In updated guidance released on Wednesday, the American College Health Association advised that students who contract Covid-19 should be required to test out of isolation using a rapid antigen test after five days — an extra step from what the Centers for Disease Control and Prevention recommends.

As the Omicron variant drives up cases on campus, the health association wrote, college leaders have been confused about changing guidance, particularly on how long infected people should quarantine. The CDC shortened the recommended isolation period from 10 days to five days in December. Following that change, many colleges and universities reached out to the ACHA for clarification on how to manage Covid-19 cases on their campuses.

While some institutions, particularly those with high vaccination rates, embraced the new protocol, saying it would allow students to spend less time in isolation and more time in the classroom, others told the health association they were wary of releasing students too early, said Anita Barkin, co-chair of the group’s Covid-19 Task Force.

“Clearly, there’s no one path here,” Barkin said. “Schools are making decisions based on their resources.”

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For colleges embracing the five-day-isolation protocol outlined by the CDC, the health association recommends using a rapid antigen test to determine if it’s safe for a student to be around others. Student who test positive should be tested again on Day 7 or 8, the ACHA advises.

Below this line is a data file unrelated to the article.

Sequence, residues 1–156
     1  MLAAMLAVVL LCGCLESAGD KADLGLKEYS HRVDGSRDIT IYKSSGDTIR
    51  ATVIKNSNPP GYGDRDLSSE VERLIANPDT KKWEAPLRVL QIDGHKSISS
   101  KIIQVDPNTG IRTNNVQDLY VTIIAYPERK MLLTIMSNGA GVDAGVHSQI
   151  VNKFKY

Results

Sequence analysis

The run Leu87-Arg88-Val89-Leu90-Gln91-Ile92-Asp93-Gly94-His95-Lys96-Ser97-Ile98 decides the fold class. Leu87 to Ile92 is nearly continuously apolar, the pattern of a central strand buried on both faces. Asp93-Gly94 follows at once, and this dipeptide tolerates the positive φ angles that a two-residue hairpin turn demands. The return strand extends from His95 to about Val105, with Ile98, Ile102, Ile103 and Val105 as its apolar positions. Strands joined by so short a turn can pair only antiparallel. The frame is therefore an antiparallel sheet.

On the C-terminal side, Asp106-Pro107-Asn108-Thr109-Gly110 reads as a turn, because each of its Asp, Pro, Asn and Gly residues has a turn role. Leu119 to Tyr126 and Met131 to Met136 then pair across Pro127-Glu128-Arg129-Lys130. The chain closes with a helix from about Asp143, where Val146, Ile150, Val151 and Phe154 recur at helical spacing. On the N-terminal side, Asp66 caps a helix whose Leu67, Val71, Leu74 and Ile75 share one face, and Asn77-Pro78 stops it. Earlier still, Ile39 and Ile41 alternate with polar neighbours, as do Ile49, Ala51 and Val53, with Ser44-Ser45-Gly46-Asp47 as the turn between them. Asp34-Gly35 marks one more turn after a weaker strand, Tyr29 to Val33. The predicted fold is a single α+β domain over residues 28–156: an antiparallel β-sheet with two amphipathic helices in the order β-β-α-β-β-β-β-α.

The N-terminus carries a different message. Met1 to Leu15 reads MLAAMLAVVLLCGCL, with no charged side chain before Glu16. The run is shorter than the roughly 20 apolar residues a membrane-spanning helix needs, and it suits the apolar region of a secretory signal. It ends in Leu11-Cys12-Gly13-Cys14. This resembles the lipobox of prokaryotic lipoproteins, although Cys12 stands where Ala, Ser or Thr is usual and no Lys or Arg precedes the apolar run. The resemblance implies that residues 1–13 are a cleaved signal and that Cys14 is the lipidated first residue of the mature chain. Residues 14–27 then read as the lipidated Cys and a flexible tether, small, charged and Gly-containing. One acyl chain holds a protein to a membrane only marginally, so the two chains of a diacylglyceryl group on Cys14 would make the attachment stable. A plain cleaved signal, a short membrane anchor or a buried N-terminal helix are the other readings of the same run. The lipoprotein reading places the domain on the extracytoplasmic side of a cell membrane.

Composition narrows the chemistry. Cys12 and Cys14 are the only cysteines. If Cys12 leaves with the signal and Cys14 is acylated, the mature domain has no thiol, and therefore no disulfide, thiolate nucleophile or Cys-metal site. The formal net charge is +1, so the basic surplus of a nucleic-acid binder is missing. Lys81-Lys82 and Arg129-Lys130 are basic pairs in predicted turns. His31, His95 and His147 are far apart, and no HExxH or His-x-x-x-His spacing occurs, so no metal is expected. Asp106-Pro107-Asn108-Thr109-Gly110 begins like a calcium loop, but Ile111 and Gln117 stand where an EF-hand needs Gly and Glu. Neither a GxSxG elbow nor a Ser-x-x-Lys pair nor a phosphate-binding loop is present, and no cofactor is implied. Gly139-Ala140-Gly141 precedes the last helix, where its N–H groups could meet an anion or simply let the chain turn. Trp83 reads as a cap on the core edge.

“The term ‘asymptomatic’ does not always mean ‘not contagious,’” the association wrote.

The guidance comes at a time when colleges are struggling with isolation capacity. Northeastern University, in Boston, ended its on-campus isolation housing program last week, instructing all students to self-isolate in dormitories and apartments alongside their roommates. Harvard University also announced that it would end university-provided isolation housing, instead requiring students to self-isolate and conduct contract-tracing themselves, The Harvard Crimson reported.

For colleges that cannot test or that choose not to do testing as a condition of release, students should leave isolation only if they are asymptomatic, or no longer have symptoms, including being fever-free for 24 hours, according to the ACHA. Institutions with limited isolation space should ask students to isolate at home.

“Omicron is different than what we’ve dealt with in the past, in that the high transmissibility may make it difficult for schools to test at the levels that they were testing in the past,” Barkin said.

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The health association reiterated its support of vaccination and booster-shot requirements for all eligible students, faculty, and staff, and suggested that colleges distribute and promote the use of N95, KN95, or surgical masks, noting that they provide the best protection against transmission.

“What has become clear,” the group said, “is that there is no one-size-fits-all plan to address the current situation.”